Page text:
There was a police officer who was posted to my village when we, the community, demanded for a police post. Crime had escalated, as had petrol sales, because we were sending a message to the government that we were tired of their force being ‘Utumishi kwa wachache.’ We took to roasting thieves, literally, until he government gave in and sent us four police officers. FOUR (4)
It still beats me how for men could be expected to restore order where a whole community was failing. But this is not about that. This is about a quote by Kimeu, God rest his soul, one of the four policemen in the first batch posted to Kigumo AP post. Kimeu will be remembered for a lot of things, but above all for this quote: ‘Hii mambo haijaanzia leo, imekuwa tangu enzi za mababu zetu.’ One bit of a two-part quote. The second bit I wont state now, but, for those who might remember, it began as, ‘Kimeu alisema…’ So when juzi I heard of one Bro Ocholla who exposed his fisi-like ways in a prayer cell Whatsapp group, I remembered Kimeu’s saying; this search for cloud nine goes back a long way.
The year is long ago. In the years when you do not want your name to be Múthoni, because then you are automatically christened ‘Kifagio’ The cock has started feeling the urge to crow at around the same time the hens are displaying ‘henny’ characteristics. Girls tunics appear swollen on their chests. My friend Head Mud (Edmond) thinks they are hiding something in there. Robin thinks they are developing muscles. Having interacted with my older cousins, I proudly get these two out of the drain by informing them those are breasts. They are magic organs, I say, but, for now, the only magic you might need to perform on them is aim for them if a girl challenges you to a fight. You hit one, she goes powerless, you win the fight. Now they know why I am not afraid of the biggest girl in our school.
Anyway, like I said, gacamba has tried to start crowing. I recently spotted a certain girl and I felt thithii. Thithii is a confusing feeling when you are a young boy. You see, at that age, you are conditioned such that when any thought comes to your mind, it is followed in quick succession by the thought, “Will I be asked?” At least it is like that when you are the son of The Man Beater. Then again I wonder whether that could be a disease creeping up on me, and from afar, could I be getting bewitched.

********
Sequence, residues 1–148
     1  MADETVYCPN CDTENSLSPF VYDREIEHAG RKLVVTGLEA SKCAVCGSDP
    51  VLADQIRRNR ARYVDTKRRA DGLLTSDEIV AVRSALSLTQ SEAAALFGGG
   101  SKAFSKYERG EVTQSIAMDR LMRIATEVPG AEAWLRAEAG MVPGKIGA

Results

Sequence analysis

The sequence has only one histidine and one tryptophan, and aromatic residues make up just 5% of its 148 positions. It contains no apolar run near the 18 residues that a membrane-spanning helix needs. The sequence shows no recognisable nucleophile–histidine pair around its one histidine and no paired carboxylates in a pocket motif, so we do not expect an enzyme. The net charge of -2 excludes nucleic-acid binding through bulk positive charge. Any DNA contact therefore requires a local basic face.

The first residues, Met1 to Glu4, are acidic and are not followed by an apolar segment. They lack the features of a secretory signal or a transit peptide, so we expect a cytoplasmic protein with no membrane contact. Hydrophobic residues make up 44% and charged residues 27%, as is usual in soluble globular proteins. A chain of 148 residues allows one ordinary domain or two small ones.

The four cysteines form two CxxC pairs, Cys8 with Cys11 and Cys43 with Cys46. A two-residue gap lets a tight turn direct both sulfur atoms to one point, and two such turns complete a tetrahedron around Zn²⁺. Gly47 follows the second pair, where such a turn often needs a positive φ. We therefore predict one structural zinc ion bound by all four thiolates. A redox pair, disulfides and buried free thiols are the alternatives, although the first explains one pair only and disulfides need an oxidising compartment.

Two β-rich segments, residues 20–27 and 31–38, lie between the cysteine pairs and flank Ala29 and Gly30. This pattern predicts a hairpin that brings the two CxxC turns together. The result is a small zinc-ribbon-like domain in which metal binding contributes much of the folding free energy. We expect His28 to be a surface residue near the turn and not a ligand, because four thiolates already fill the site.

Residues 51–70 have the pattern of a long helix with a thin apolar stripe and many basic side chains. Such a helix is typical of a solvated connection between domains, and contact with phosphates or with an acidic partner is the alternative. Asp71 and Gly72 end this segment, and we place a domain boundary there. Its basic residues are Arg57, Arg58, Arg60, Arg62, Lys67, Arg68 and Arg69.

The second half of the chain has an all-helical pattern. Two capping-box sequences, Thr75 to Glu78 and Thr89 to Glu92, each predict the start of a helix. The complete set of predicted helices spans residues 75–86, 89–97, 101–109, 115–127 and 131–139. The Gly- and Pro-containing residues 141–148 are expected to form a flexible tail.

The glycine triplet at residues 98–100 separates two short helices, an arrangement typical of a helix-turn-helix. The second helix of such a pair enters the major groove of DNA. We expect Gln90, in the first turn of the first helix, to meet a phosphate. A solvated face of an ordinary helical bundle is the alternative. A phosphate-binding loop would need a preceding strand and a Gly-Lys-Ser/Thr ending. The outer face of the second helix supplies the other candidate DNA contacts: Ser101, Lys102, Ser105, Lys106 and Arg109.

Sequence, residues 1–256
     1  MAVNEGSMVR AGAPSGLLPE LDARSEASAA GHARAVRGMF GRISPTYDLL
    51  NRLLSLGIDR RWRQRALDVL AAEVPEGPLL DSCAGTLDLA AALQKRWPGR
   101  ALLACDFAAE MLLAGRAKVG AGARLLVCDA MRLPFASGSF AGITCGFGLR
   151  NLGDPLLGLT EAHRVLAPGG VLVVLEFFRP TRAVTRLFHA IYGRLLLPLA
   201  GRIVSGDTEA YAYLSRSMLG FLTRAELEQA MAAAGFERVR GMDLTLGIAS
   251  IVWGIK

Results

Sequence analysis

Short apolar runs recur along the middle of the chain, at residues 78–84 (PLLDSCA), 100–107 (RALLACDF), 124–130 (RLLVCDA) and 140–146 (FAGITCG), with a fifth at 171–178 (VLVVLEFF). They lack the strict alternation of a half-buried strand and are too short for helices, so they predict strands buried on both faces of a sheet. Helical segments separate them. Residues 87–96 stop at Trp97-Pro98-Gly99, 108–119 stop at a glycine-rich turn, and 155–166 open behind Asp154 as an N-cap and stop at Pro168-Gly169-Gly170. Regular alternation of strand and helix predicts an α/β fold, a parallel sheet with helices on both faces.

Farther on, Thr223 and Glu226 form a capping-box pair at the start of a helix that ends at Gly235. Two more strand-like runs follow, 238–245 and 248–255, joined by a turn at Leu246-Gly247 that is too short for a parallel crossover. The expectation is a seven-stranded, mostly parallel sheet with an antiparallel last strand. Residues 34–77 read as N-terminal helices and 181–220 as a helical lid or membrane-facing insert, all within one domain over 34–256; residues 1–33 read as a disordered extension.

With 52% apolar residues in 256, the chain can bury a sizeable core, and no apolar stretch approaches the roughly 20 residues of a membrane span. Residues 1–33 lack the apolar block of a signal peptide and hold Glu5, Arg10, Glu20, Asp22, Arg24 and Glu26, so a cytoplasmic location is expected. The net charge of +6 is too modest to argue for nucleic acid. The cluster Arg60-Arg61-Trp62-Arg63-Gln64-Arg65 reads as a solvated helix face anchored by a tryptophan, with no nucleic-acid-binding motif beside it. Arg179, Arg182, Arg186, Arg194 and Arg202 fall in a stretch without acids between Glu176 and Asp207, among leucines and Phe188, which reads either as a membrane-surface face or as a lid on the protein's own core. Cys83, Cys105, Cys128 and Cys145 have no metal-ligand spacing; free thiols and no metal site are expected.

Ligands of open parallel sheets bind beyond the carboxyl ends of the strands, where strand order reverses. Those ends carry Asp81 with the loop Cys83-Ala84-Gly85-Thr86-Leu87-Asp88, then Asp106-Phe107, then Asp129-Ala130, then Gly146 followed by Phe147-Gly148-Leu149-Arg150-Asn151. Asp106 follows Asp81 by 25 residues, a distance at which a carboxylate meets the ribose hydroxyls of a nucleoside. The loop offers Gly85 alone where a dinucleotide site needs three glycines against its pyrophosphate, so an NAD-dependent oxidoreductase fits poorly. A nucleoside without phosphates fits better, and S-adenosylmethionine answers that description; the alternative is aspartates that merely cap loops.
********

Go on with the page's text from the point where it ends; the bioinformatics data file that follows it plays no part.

But thithii does not give a hoot; I decided me and Múthoni had to become one. So I pondered and pondered how to approach her. Walk up to her….no! And tell her what? Write her a letter? Weeeh! What if it ands in wrong hands and people know I am looking fora girlfriend? Or worse, what if the omnipresent Man Beater finds out?
Or should I look for a close confidant to secretly convey my intentions? Paaarfect!
Not much to think about who to send. Njo is the chosen messenger. Njo and I are like Kenyatta and Mbiu Koinange. And he is excellent at it. Njo goes to the same school as my Múthoni. He is one class ahead so he can talk to her with a little authority.
Anyway, all that is ilienda ikawa. Njo returns to me with a message the next evening: Mútho wanted me to tell that to her myself. “Tell me exactly what she said. Her words!” I demand.
“Kwa nini anakutuma, kwani hana mdomo? Mwambie akuje aniambie mwenyewe.”
She said that, are you sure? So, Njo, do you think that is a bad thing or a good thing? I think she hates me.
Of course it is a good thing, she wants you….
Get lost, is that why she asked if I don’t have a mouth?
She just wants you to say it to her….
So you mean she wants us to….
Yes she wants to meet you!
What have I gotten myself into? So if we meet, where, when, what time? And talk about what? Sex? Books? Marriage?
No, Njo, no. We need to end this. Now!
Njo will hear none of that, he insists he is setting us to meet up. Ma ya ngune!! Nimejipeleka Hague. Can’t we return to vague and just have a local tribunal?
Njo is of kusema na kutenda type. The meet-up with Múthoni is arranged for the next evening, Tuesday. 6.45pm, as she goes to collect milk. That time most mothers will be home beginning supper preparations. No father will be on the road home yet. It is dusk, not too light for people to see us from a mile away; not too dark for Múthoni to be outdoors. We have five minutes maximum, more than that her mother will venture out looking for her.
And thus, we are here.
I was told you wanted to see me…..
What is it…..
What Njo told you…..
He did not tell me anything……
[Thinking] Kumbe Njo is a cabbage! Aaah, this girl is shitting me!….He told me he told you….
Told me what?
So what do you want me for?
At that moment my mind is working overtime. Is that The Man Beater I see coming? What if I say something dumb? What do other boys tell her? Does she think I am evil? What if God punishes me? Will I start failing my exams? Who is the Minister of Education? Oh, teacher said it is Minister For, not of. Are Njo and the boys hiding around to hear how it goes? Yes they are! I can bet my ball! My pums ball. So I can’t blow this. But what is this lump in my throat?
I….I want you to be my girlfriend……
Si you have a girlfriend?….
No, that one is, aah, which girlfriend?….
You know her….
I don’t have a girlfriend…..
I have to go, nachelewa….
Aah, Ok, wait. Umesemaje?…..
And that’s that. That was the longest five minutes of my life!! Weh!!! Just like I guessed, Njo had spilt the beans, and the chimps had planted themselves to hear it all. They may say I blew it, but I am armed with two pieces of evidence:
- Ni vile she thinks I have another girlfriend
- She was in a hurry asichelewe. She said to tutaonana.
For now, I need to go and change, and also lie down. Never sweat so much before, or had such breathing problems before. Could I be contracting asthma? Hope not.
PS: I have just set myself up for big big trouble, a fugitive I am. See you next week.